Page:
• Example of the ILGWU (International Ladies Garment Workers Union.)
• Highland/University Park where the organized white elites live today, virtually Hispanic/African Free.
• Prominent black Dallas leaders, historically: A. Maceo Smith; Juanita Craft
Finally, someone mentioned a Dallas Peace Center series on eliminating racism. And then, adjourned. Whew, a lot of ground covered. Maybe I should attend these Author Things more often?




News for Activists

Dallas Civil Rights History Revealed

July 2006

Dr. Michael Phillips spoke about his new book, White Metropolis, at the Dallas Public Library on July 5. The book reviews the entire history of the Dallas area with special attention to civil rights. The evening was presented free by Democracy for America. When Phillips asked if anybody in the audience had recently worked on political campaigns, almost all of the 70+ participants raised their hand!

Phillips said that the concept of “race” was unknown before the 16th century, when Europeans began invading and occupying the territories of others, especially those in Africa and the Americas. The definitions of race have been very fluid, even up to modern times. As a matter of genetics, race is practically a meaningless term.

Until recently, a “creation myth” was the official history of Dallas. Once people begin to see what really happened, they can also see why those who run Dallas prefer the myth to the realities. “This is a violent, blood-soaked place,” Phillips said, as he listed many of the statistics of lynchings here and around Texas. As for efforts to organize for progress, Phillips said, “There was actually a brutal war waged against unions in Dallas.”

The repression in Dallas had a peculiar and very progressive side effect. Phillips talked about early efforts to educate African American children despite the worse possible conditions. He especially credited the long-time principal of Booker T Washington High School, John Wesley Paton, with developing a highly advanced program of Black Studies. Eventually, Dallas produced the most influential civil rights leaders in the state. Phillips told his audience, “Dallas was the epicenter of the civil rights movement in Texas!”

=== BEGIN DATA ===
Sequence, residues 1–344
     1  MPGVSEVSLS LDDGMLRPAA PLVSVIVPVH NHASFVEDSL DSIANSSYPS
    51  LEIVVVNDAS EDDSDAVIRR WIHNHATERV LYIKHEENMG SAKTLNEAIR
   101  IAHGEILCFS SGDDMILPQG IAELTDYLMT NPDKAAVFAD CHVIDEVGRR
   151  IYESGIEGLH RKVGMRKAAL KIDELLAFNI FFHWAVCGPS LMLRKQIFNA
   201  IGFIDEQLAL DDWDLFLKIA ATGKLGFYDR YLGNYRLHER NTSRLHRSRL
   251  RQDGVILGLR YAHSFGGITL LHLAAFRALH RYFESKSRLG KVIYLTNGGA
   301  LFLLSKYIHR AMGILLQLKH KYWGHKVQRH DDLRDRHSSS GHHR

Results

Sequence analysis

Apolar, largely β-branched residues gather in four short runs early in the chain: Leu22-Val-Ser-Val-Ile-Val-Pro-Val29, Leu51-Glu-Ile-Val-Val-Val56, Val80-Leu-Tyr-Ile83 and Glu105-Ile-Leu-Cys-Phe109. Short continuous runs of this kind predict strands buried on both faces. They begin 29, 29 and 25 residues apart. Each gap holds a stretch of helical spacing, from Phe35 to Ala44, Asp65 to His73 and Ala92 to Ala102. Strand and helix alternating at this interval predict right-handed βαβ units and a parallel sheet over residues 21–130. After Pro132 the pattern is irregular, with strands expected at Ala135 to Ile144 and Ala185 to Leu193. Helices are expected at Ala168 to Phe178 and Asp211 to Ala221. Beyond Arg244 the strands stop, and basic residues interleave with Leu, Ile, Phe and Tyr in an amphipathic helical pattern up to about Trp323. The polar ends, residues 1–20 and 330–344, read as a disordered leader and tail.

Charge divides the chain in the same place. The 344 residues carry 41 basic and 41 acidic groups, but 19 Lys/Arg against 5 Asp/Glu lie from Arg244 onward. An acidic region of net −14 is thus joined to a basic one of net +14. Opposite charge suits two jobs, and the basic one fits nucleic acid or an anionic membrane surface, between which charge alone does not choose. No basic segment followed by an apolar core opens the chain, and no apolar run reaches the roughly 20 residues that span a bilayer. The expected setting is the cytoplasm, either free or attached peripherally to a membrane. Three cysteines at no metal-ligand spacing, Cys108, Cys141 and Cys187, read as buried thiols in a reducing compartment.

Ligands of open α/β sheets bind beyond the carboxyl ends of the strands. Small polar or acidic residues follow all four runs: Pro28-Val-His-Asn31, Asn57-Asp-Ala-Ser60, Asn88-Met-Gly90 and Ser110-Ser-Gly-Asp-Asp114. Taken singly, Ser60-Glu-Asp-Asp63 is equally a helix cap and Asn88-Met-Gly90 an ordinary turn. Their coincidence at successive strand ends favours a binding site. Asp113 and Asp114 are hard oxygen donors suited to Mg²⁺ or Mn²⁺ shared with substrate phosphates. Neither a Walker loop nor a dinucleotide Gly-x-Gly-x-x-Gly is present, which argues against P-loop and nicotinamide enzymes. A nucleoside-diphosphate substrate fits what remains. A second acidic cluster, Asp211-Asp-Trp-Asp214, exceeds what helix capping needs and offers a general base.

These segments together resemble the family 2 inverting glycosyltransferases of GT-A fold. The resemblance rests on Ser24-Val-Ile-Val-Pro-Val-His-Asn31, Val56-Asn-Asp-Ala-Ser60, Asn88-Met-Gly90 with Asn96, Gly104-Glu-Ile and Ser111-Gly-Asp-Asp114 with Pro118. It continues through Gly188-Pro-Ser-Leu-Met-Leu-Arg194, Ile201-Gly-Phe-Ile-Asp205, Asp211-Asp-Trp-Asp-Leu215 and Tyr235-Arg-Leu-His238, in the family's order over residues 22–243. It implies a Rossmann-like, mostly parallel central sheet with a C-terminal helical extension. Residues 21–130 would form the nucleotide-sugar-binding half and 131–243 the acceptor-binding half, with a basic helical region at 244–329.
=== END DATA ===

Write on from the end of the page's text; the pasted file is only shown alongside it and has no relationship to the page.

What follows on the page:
Unlike many intellectuals who content themselves with describing problems without offering solutions, Phillips said this of racism: “That is a collective sin, and it can only be corrected by collective actions.”





D Magazine
Frontburner Blog

Did anybody else catch Michael Phillips’ lecture at the Hall of State lecture hall last night? Whoa.

He spoke about his book, White Metropolis, which takes on the “origin myth” of Dallas — the idea that a white elite on the Dallas Citizens Council made it what it is through an act of will.

Phillips obviously has an ax or two to grind, and his thesis is controversial. But he probably didn’t anticipate the brilliant onslaught mounted by Dr. LaTrese Adkins, who cheerfully called it a “monolithic and cursory analysis,” largely because she said it treated black people as a single group cast in the role of a victim. An African-American who grew up in South Dallas and attended Lincoln High School, she had a few telling distinctions to make.

“There’s not one black anything,” she said, “and there never has been.” She even said that Phillips did an “antagonistic strip search” on prominent white Dallasites without acknowledging the good things they did, such as having the foresight to assure an ample water supply in times of drought like these. Her deconstruction of the choice of a cover photograph was perhaps the pinnacle of an astonishing performance. I was sorry I had to leave early. Anybody else hear the rest, including the remarks of Dr. Roberto Calderon?

Glenn Arbery · October 25, 2006 10:40 AM



D Magazine
Frontburner Blog
October 31, 2006
Why did LaTrese Adkins attack Michael Phillips’ White Metropolis: Race, Ethnicity, and Religion in Dallas, 1841-2001 last week? He thinks he might know why.